Since 2015, the decline in infant and child mortality has slowed, but there is a lack of research into new life-saving tools aimed at children. This is partly due to the complexity of conducting studies including younger age groups.
Children cannot swallow tablets or capsules, often cannot stand the taste of liquid medicines and metabolize drugs differently as they develop and grow. Pediatric medicines need to be palatable, scored, crushable, dispersible (ie it disintegrates quickly in water), chewable, sprinkled on food or mixed with breast milk. Appropriate medicines to save and improve the lives of infants and children often do not exist, are not available or are not of quality assurance, especially in low-resource settings.
Even with significant progress in child health, with 6 million more children under 5 dying in 2016 than in 1990, urgent action is needed to achieve the UN’s Sustainable Development Goals (SDGs), especially SDG 3, for good health and well-being. -being, and the related objective to achieve Universal Health Coverage (CSU) by 2030.
GAP-f network partners work together to remove barriers to the development and distribution of appropriate, quality, affordable and accessible medicines for children and contribute to UHC. GAP-f works by encouraging collaboration between stakeholders to identify gaps, prioritize needs and accelerate research, development and delivery of products to improve and save children’s lives.
Below are the main GAP-f events and documents that are released to mark World Children’s Day:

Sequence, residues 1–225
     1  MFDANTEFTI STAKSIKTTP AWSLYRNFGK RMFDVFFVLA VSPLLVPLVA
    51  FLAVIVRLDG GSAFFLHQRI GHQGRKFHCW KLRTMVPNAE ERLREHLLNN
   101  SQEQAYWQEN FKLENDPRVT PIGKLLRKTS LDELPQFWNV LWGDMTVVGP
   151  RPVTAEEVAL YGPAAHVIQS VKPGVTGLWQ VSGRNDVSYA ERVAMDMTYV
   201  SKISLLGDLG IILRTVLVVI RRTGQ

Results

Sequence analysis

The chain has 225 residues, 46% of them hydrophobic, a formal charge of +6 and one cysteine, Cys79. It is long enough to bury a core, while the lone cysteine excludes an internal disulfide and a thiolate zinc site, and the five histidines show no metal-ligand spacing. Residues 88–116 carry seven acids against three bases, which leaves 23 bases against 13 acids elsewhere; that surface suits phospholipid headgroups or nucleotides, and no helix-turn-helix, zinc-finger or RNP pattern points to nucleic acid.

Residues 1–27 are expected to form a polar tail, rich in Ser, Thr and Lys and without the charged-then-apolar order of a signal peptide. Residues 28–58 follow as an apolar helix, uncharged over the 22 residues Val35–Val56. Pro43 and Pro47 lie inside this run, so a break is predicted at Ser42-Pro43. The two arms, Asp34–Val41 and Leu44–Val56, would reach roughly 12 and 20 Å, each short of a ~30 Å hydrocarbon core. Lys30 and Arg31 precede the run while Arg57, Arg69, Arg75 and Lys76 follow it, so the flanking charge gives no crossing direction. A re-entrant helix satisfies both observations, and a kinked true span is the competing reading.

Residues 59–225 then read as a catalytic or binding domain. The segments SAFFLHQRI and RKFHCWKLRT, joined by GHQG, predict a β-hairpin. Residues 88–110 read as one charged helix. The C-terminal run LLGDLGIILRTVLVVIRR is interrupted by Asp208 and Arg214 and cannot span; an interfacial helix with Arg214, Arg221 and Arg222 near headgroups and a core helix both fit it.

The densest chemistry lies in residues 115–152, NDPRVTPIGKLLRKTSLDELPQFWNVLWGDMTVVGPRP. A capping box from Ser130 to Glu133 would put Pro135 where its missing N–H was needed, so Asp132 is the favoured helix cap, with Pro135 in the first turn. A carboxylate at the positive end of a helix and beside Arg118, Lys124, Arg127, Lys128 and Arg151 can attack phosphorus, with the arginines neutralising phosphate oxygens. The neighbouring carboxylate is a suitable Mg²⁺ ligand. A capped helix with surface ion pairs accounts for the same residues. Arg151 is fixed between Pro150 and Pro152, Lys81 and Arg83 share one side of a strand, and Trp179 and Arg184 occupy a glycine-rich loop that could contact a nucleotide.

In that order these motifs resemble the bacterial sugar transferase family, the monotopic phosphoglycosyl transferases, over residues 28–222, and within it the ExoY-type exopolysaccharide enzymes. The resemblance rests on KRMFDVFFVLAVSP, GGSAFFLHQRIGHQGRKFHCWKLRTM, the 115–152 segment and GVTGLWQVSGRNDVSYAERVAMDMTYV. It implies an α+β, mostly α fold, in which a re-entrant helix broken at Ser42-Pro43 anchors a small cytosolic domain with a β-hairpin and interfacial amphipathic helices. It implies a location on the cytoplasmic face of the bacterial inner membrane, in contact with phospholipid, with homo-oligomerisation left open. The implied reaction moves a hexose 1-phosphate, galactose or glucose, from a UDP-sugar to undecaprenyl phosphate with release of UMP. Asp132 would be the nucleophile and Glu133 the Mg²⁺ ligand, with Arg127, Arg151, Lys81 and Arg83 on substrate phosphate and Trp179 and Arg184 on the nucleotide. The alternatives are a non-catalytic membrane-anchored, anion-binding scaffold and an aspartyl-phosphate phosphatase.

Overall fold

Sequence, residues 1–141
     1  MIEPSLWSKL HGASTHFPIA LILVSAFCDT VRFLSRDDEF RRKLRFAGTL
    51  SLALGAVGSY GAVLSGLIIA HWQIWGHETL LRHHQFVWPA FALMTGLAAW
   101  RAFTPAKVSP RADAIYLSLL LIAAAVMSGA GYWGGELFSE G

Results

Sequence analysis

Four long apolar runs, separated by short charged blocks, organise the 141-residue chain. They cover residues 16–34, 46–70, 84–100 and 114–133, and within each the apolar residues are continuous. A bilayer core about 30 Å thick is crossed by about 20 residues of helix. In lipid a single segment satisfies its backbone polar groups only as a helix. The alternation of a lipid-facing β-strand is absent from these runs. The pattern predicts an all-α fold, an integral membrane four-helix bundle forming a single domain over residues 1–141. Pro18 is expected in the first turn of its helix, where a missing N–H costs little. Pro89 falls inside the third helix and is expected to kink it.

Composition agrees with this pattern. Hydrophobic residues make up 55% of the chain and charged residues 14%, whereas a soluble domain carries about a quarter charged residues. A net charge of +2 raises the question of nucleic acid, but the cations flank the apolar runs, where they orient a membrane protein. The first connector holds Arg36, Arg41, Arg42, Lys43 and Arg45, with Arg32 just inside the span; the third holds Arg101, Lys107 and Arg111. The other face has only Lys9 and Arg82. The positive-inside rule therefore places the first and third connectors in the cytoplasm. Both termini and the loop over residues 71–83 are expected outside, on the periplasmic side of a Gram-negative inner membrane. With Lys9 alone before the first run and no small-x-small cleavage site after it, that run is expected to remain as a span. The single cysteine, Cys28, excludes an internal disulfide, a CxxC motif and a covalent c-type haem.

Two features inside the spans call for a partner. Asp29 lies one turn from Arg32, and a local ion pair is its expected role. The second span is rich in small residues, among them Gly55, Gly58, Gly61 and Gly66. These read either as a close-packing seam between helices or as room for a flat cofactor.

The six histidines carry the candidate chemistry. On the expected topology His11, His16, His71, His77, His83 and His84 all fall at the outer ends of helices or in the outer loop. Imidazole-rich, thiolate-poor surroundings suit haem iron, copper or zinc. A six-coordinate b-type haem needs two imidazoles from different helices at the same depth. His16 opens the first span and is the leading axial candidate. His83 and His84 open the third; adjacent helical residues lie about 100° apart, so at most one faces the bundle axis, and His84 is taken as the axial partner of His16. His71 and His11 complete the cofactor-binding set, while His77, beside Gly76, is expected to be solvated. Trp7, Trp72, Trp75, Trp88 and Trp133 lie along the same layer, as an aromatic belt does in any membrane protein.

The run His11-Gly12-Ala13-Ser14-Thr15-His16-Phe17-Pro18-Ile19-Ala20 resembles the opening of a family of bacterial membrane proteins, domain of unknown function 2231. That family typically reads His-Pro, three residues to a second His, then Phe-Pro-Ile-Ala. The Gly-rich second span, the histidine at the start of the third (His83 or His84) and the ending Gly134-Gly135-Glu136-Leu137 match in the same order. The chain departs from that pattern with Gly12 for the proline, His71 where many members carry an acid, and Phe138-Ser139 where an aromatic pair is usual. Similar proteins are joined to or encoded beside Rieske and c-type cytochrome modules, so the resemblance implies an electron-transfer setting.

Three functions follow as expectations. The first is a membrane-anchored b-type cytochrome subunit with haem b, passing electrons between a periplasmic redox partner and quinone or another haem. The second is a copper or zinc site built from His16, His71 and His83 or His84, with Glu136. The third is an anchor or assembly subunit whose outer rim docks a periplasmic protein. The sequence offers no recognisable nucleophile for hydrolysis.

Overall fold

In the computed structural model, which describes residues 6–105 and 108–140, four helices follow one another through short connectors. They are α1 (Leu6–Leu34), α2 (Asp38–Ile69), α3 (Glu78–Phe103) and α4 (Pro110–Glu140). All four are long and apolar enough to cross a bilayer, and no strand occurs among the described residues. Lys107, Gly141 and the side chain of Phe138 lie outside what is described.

Explore innovative approaches for faster access to pediatric medicines for antimicrobial resistance
Our final 2023 webinar in the GAP-f #BetterMeds4Kids webinar series focuses on exploring innovative approaches for faster access to pediatric medicines for antimicrobial resistance (AMR). The webinar will be hosted on November 20, 2023 at 1400 CET. Click here for more information.
Cefiderocol in brief of the product
Despite great progress, preventable and treatable infectious diseases remain the leading cause of death among children under 5. Bacterial infections, particularly pneumonia, neonatal sepsis and gastrointestinal infections, are the leading cause of infectious mortality in this age group worldwide. This problem is further exacerbated by the global increase in antimicrobial resistance.
The WHO has carried out an exercise to produce a Pediatric Drug Optimization (PADO) priority list of antibiotics for development, with all included products having an approved indication for children, but for which suitable formulations are lacking the age
Out of those on the list, the most ongoing work to date has focused on cefiderocol, which is the subject of a new product brief documenting the status of clinical trials, regulatory approval and and research priorities, to advance efforts to make it accessible to children. .
Priority drugs for neglected tropical diseases
Due to limited financial incentives, few new drugs are developed for neglected tropical diseases (NTDs). Several NTDs disproportionately affect children versus adults. As is the case for most diseases that affect adults and children, the burden on children is compounded by their not being included in clinical trials, as well as a lack of dosage regimens and suitable formulations for age.
To help address these challenges, WHO has developed a PADO priority list for schistosomiasis, human African trypanosomiasis, scabies, onchocerciasis and visceral leishmaniasis.
Research and development pipeline analysis for childhood cancer
Childhood cancer remains a major cause of death among children worldwide, accounting for more than 100,000 deaths each year. Despite the great advances in research and development (R&D) in cancer, few clinical trials have addressed the effect of investigational medicine on the biology of tumors in children, especially those living in low-income countries low and medium.
To map gaps and barriers, WHO has developed a summary of the childhood cancer R&D landscape, showing where more investment is needed, using data from the Global Observatory on Health R&D ( GOHRD) of WHO.
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Image Source : www.who.int